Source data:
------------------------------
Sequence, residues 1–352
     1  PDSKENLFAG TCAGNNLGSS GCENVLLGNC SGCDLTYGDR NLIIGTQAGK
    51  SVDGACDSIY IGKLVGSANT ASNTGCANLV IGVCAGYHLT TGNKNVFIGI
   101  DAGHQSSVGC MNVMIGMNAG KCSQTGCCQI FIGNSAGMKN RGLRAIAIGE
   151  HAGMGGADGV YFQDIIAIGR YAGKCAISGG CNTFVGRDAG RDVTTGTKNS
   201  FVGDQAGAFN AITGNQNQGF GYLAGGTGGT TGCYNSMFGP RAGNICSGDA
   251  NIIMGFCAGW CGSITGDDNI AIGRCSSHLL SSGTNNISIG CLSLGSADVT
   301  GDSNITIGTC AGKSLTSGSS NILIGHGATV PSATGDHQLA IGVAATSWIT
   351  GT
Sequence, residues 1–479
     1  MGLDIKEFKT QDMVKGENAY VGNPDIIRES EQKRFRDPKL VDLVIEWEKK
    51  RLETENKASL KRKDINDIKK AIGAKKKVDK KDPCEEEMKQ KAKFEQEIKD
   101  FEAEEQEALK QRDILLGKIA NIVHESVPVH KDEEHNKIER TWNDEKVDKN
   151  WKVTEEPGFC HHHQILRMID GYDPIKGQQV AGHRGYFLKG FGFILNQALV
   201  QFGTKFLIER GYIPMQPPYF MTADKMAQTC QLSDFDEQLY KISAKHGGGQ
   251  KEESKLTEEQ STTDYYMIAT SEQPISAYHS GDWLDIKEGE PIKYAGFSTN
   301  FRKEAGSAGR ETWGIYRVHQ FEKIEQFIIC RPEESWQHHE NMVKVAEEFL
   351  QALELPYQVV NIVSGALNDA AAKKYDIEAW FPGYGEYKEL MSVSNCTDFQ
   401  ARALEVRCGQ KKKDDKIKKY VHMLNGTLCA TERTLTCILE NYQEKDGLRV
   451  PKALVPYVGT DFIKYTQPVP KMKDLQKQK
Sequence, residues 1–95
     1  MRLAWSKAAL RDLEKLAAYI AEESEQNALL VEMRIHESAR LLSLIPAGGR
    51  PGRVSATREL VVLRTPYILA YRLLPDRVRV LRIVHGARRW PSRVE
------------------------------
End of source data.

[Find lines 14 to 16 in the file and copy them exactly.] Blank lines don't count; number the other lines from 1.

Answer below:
   151  WKVTEEPGFC HHHQILRMID GYDPIKGQQV AGHRGYFLKG FGFILNQALV
   201  QFGTKFLIER GYIPMQPPYF MTADKMAQTC QLSDFDEQLY KISAKHGGGQ
   251  KEESKLTEEQ STTDYYMIAT SEQPISAYHS GDWLDIKEGE PIKYAGFSTN